Don't touch our hair!

Ne touchez pas à nos cheveux !

It's a fact that we cannot deny: the hair of black/Afro-descendant women and men is fascinating in its beauty and versatility!

However, despite the wonder it may cause, there is one thing you should never do: touch the hair of a black/Afro-descendant person , at least without their permission.

A curious beauty

Often the gesture comes simply from curiosity, which can push certain people, often white, to touch Afro hair.

This is an aspect that is completely understandable, frizzy hair is not highlighted enough , without adding that society even places very little value on it. Pro-Western beauty standards push the emphasis on white beauty, masking all the wonders of black beauty. It should also be added that the majority of black women visible in the media are much more likely to have straight or wavy hair than kinky and densely curly hair.

So when we find ourselves faced with a person with this type of hair worn naturally, it can make us want to see it, to touch it, in short to explore it more closely.

In this way, frizzy hair finds itself invisible and unknown to the battalion and this invisibility often sends the following message: frizzy hair is not attractive , nor beautiful, and this reinforces the old-fashioned concept that a black/Afro descendant person is lower.
In addition to being a curiosity, it can be difficult to feel good about ourselves when beauty standards are in no way aligned with our own physical attractions.

Never touch the hair of a black/Afro descended person!

This may seem extreme, but yes, Afro hair remains unknown to the general public, and can cause unprecedented hysteria when a person encounters it for the first time. In the most extreme cases, some people do not ask for permission, even if it seems to be a basic politeness.

Having Afro hair is today often seen as an affirmation and acceptance of our hair that is different from the accepted norm. The latter requiring special care and attention, it is all the more frustrating and shocking when a foreign hand ventures there. Apart from the fact that the latter transgresses the personal space and privacy of others, it is a condescending and disrespectful gesture and far from being hygienic.

Touching a black person's hair only accentuates the gap between what is considered the norm and authenticity. This also echoes zoo animals; although Afro hair is different, wanting to touch it gives the impression that the black woman is a beast, a curiosity to be tamed.

Asking permission, although it may seem polite, can on the contrary create discomfort in the person concerned. Certainly in fact: it can authorize or refuse, but analyzing this in more detail:

  • By refusing, the person may fear projecting a negative image expressing rejection, resulting in potential frustration.
  • By authorizing, the person no longer meets their deep need, that of maintaining the limits of their privacy, and very often submits reluctantly for fear of hurting.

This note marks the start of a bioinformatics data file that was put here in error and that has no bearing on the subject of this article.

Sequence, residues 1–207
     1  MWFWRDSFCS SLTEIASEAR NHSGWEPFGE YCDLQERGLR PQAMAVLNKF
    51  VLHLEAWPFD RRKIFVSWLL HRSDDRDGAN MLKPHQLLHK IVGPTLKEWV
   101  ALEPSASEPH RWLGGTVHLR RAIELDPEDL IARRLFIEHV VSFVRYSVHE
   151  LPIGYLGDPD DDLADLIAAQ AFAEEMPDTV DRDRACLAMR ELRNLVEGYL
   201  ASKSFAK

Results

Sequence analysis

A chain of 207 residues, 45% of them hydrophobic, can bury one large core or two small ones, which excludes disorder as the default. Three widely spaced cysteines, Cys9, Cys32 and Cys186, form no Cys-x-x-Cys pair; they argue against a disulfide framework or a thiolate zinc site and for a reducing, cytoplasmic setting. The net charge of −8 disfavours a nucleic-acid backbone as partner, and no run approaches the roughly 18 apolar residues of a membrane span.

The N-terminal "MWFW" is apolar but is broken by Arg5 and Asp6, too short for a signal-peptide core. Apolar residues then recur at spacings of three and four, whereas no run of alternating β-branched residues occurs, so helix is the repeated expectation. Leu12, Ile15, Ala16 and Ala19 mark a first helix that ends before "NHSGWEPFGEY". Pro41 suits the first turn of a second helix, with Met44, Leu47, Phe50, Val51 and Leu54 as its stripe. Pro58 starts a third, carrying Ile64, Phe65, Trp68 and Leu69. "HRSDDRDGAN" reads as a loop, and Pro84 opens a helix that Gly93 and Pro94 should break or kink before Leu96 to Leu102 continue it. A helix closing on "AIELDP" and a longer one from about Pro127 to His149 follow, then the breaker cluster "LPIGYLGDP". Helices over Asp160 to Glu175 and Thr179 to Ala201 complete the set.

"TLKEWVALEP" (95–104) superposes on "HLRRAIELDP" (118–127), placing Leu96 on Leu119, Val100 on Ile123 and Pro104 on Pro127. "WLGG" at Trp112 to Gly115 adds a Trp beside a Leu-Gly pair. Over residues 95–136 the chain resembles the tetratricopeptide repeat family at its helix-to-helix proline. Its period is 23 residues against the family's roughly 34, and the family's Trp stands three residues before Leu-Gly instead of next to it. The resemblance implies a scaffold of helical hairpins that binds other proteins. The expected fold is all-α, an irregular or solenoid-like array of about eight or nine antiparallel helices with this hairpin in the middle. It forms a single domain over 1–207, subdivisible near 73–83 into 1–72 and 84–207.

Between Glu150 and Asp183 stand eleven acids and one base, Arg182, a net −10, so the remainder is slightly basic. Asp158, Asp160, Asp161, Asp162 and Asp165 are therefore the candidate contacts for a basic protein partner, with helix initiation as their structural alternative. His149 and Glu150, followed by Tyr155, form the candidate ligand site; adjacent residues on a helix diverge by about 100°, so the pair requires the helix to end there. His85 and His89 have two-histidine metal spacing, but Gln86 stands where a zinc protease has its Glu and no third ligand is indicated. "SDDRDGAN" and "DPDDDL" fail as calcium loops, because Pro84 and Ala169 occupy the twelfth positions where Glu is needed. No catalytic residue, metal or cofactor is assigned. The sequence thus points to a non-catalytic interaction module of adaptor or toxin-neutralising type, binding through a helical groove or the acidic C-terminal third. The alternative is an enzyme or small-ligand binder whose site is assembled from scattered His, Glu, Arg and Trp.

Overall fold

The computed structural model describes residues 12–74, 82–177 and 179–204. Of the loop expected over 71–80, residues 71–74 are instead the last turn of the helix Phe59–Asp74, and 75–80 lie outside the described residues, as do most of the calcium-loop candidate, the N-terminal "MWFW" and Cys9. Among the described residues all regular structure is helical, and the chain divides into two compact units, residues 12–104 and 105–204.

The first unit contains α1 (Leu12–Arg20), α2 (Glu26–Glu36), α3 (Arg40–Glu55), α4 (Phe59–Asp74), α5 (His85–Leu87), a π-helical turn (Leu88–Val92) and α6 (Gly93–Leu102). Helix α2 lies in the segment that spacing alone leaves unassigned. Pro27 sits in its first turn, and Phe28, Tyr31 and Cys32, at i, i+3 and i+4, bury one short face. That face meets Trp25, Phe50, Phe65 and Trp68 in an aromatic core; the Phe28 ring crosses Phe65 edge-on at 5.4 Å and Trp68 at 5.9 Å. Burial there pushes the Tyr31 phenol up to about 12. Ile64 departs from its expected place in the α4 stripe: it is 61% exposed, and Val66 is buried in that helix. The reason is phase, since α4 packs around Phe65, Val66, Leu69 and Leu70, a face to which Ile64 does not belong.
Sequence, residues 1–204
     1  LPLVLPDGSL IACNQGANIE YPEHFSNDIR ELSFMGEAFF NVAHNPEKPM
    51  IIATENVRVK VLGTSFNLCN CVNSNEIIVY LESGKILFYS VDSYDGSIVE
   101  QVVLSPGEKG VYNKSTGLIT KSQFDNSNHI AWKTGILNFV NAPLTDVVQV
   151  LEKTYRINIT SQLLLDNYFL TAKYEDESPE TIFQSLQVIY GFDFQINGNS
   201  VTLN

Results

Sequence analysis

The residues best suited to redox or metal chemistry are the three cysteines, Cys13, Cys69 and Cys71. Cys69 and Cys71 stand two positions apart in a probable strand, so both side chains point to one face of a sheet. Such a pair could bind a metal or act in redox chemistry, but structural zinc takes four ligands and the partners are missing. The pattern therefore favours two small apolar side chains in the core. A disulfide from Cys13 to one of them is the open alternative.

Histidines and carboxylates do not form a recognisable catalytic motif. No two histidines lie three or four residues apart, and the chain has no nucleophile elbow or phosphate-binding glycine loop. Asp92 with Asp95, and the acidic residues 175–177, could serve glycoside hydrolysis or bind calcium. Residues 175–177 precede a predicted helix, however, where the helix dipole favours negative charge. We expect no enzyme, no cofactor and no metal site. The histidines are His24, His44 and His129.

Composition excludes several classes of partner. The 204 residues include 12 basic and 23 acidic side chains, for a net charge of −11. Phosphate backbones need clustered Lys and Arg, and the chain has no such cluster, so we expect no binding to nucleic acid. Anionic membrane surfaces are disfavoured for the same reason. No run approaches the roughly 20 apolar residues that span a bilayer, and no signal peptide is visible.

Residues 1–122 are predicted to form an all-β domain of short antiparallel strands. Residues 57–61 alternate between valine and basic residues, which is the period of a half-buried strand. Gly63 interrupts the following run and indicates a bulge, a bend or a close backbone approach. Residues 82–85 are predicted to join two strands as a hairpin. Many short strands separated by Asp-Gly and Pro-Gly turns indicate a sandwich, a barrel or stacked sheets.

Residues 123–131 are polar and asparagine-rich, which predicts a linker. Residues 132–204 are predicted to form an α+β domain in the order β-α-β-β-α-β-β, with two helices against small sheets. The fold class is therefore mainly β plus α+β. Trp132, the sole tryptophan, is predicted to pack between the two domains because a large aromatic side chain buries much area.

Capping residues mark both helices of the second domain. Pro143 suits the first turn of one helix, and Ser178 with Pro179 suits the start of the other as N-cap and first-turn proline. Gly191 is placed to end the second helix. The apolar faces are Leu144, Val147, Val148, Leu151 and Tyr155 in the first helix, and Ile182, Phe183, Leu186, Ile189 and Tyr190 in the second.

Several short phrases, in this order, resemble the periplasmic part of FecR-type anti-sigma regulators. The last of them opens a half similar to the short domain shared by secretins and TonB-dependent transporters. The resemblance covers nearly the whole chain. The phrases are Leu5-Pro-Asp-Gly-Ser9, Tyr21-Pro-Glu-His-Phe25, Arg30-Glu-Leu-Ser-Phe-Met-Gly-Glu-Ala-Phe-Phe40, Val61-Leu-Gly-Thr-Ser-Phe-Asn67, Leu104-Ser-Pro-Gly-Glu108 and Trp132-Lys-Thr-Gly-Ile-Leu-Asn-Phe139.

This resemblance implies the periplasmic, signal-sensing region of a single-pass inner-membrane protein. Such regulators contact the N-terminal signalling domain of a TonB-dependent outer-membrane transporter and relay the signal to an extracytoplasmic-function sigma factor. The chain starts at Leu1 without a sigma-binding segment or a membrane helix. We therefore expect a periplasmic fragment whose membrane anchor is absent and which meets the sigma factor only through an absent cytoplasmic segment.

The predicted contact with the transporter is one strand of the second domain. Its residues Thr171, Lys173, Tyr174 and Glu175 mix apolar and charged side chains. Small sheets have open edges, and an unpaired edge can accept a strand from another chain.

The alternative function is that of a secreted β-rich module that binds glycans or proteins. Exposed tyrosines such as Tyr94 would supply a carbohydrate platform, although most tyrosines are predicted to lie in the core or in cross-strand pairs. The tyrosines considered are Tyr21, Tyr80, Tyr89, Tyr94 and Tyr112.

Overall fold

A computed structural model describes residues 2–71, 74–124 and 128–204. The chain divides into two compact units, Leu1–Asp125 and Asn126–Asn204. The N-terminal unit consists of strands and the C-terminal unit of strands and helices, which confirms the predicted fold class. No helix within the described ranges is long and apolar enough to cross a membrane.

A historical reminder

Well beyond the hair aspect, touching the hair of a black/Afro-descendant person sadly echoes a certain period in History.

At the time of slavery, when the black man was considered an animal , frizzy hair was considered dirty, unruly and responsible for the profusion of lice and other hair atrocities. In order to deprive them of any cultural identity, black men and women in particular were forced to shave their hair or hide it with a turban. Other information also suggests that white men at the time were very attracted to this difference. Out of fear of adultery, wives gathered and protested to force black women to hide their hair.

Slavery also aimed to strip black men and women of their belonging, in order to control them and submit them to their will. Behind Afro hair there is a heavy and rich history , it is not only a question of care, but much more than that. Moreover, this is all the sadder with the advent of relaxed hair, a guarantee of integration and social success.

The black/Afro-descendant community has for decades been deprived of its identity ; a simple gesture only repeats history. While not as extreme, and even unconscious, it will still have a negative connotation despite having an emotionally charged legacy.

Between historical revelations, hygiene and unfounded beauty standards, touching the hair of a black/Afro-descendant person is not an appropriate gesture and should be prohibited. It is not rude to ask a few questions (without prejudice) or compliment Afro hair, as long as it is done with respect.

Article written by Melyssa B.
and edited by Aminatou B.

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1 comment



ma fille métisse (3 ans) a des cheveux en tire bouchons et tout le monde se permet sans demander de fourrer ses mains dans ses cheveux. Souvent des hommes, presque toujours par derrière, sans demander, sans se présenter, sans même montrer un visage et lorsque je dis de ne pas toucher ses cheveux, les gens refusent et disent qu’ils font ce qu’ils veulent, cela a lieu toute le temps où je suis à l’extérieur avec elle, elle en souffre et n’ose pas crier non, elle se réfugie chez moi en s’agrippant à ma jambe. Merci pour cet article car je ne trouve quasiment rien sur le sujet.

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